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Arcade (architecture)

Arcades inside the Mosque of Uqba also known as the Great Mosque of Kairouan, located in Kairouan, Tunisia.

An arcade is a succession of arches, each counter-thrusting the next, supported by columns, piers, or a covered walkway enclosed by a line of such arches on one or both sides. In warmer or wet climates, exterior arcades provide shelter for pedestrians. The walkway may be lined with stores.[1] A blind arcade superimposes arcading against a solid wall.[2] Blind arcades are a feature of Romanesque architecture that was taken into Gothic architecture.

Origin late 17th century: from French, from Provençal arcada or Italian arcata, based on Latin arcus, ‘bow’ (see arc and arch).[3]

Contents

  • History 1
  • Notable arcades 2
    • Shopping arcades 2.1
    • Religious buildings 2.2
  • See also 3
  • References 4

History

Arcades inside the Bonne-Espérance Abbey.
Gallery with arcades on High Medieval square in Metz, France.
Mozaffarieh: Tabriz Bazaar, Iran, devoted to carpet selling.

In Gothic architecture, the arcade can be located in the interior, in the lowest part of the wall of the nave, supporting the triforium and the clerestory in a cathedral,[4] or on the exterior, in which they are usually part of the walkways that surround the courtyard and cloisters.

Inside the Covered Market, Oxford, England.

European and North American shopping arcades resemble the bazaars and souks of Asia and North Africa.

One of the earliest examples of a European shopping arcade, the Covered Market, Oxford, England was officially opened on 1 November 1774 and is still active today. The Covered Market was started in response to a general wish to clear "untidy, messy and unsavoury stalls" from the main streets of central Oxford. John Gwynn, the architect of Magdalen Bridge, drew up the plans and designed the High Street front with its four entrances. In 1772, the newly formed Market committee, half of whose members came from the town and half from the university, accepted an estimate of nine hundred and sixteen pounds ten shillings, for the building of twenty butchers' shops. Twenty more soon followed, and after 1773 meat was allowed to be sold only inside the market. From this nucleus the market grew, with stalls for garden produce, pig meat, dairy products and fish.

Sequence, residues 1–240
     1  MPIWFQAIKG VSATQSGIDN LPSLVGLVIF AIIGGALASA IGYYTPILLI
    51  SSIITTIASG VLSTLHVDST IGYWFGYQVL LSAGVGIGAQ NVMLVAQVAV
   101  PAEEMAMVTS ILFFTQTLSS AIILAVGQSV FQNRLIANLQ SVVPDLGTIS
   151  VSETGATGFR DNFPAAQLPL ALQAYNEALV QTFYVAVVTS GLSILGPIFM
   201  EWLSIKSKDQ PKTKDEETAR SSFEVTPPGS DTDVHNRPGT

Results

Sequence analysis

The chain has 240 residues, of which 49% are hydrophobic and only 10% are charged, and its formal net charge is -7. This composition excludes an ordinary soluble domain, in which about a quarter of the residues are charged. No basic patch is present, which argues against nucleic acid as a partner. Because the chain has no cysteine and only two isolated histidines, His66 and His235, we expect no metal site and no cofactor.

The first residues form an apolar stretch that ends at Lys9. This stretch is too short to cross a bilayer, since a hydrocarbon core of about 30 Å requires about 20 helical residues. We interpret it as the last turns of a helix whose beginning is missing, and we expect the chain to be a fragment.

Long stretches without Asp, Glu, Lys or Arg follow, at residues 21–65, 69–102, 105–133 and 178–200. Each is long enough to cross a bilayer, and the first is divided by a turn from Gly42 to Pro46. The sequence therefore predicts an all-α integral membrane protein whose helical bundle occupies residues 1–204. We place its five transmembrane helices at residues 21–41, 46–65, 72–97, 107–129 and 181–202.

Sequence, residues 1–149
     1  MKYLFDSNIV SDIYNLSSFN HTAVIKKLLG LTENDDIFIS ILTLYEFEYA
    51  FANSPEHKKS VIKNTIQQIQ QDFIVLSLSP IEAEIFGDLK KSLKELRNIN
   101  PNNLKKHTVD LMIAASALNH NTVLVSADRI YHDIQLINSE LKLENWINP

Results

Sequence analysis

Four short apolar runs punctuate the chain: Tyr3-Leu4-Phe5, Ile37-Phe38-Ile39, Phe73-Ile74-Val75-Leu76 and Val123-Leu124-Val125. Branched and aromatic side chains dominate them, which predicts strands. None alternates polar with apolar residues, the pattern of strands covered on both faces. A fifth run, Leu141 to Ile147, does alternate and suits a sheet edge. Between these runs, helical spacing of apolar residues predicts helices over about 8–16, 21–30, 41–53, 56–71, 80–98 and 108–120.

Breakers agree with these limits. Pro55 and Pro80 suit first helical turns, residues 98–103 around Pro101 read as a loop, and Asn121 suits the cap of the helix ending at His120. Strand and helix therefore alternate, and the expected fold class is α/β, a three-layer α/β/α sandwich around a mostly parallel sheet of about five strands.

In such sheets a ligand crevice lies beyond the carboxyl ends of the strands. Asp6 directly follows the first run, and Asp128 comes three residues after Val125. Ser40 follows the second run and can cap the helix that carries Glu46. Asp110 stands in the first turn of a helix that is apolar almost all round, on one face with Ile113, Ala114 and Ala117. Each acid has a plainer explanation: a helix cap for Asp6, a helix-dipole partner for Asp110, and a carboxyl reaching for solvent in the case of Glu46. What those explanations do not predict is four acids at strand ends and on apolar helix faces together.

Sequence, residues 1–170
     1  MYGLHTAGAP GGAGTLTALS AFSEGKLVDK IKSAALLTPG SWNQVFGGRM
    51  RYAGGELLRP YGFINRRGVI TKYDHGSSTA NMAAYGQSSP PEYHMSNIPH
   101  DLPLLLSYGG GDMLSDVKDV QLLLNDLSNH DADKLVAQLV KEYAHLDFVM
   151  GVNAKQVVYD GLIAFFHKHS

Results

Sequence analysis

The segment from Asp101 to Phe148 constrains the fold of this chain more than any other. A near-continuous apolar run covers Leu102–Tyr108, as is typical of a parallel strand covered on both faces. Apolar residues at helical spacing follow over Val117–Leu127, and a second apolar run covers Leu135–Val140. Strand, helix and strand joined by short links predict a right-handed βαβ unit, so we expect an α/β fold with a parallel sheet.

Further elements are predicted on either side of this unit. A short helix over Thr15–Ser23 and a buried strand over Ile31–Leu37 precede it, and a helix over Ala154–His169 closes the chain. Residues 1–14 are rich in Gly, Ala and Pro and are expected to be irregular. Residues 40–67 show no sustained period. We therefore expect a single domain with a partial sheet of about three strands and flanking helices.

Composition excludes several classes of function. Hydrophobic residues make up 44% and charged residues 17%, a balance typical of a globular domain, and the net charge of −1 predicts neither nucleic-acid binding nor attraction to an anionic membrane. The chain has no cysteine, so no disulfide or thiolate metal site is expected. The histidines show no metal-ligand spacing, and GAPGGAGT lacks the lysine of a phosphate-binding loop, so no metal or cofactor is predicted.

Gostiny Dvor in St Petersburg, Russia is another early shopping arcade. Sprawling at the intersection of Nevsky Prospekt and Sadovaya Street for over one kilometer and embracing the area of 53,000 m2 (570,000 sq ft), the indoor complex of more than 100 shops took twenty-eight years to construct. Building commenced in 1757 to an elaborate design by Bartolomeo Rastrelli, but that subsequently was discarded in favour of a less expensive and more functional Neoclassical design submitted by Jean-Baptiste Vallin de la Mothe (1729–1800).

Throughout the following century, Gostiny Dvor was augmented, resulting in ten indoor streets and as many as 178 shops by the 20th century. During the post-World War II reconstructions, its inner walls were demolished and a huge shopping mall came into being. This massive 18th-century structure got a face-lift recently and entered the 21st century as one of the most fashionable shopping centres in Eastern Europe.[5]

An early French arcade is the Passage du Caire created in 1798 as a tribute to the French campaign in Egypt and Syria. It was appreciated by the public for its protection from the weather, noise and filth of the streets.[6] A year later American architect William Thayer created the Passage des Panoramas with a row of shops passing between two panorama paintings. Shopping arcades increasingly were built in the second Bourbon Restoration.[7] Upper levels of arcades often contained apartments[8] and sometimes brothels.[9]

Notable arcades

The Cleveland Arcade in downtown Cleveland, Ohio, US, built 1890
Ouarzazate souk, Morocco

Shopping arcades

Religious buildings

See also

References

  1. ^ New Oxford American Dictionary
  2. ^ , Yale University Press, page 865Essex. The buildings of EnglandJames Bettley and Nikolaus Pevsner (2007),
  3. ^ New Oxford American Dictionary
  4. ^ William Chambers (1973), Chambers's encyclopaedia, Volume 1, International Learning Systems Corp, p. 534
  5. ^ Bogdanov, I.A. , Bolshoi Gostiny dvor v Peterburge. SPb, 2001
  6. ^ p. 174 Desmons, Gilles Walking Paris New Holland Publishers, 2008
  7. ^ p. 386 Ayers, Andrew The Architecture of Paris: An Architectural Guide Edition Axel Menges, 2004
  8. ^ p. 32 Benjamin, Walter & Tiedemann, Rolf The Arcades Project Harvard University Press, 1999
  9. ^ p. 88 Rabaté, Jean-Michel Given: 10 Art 20 Crime : Modernity, Murder and Mass Culture Sussex Academic Press, 2007
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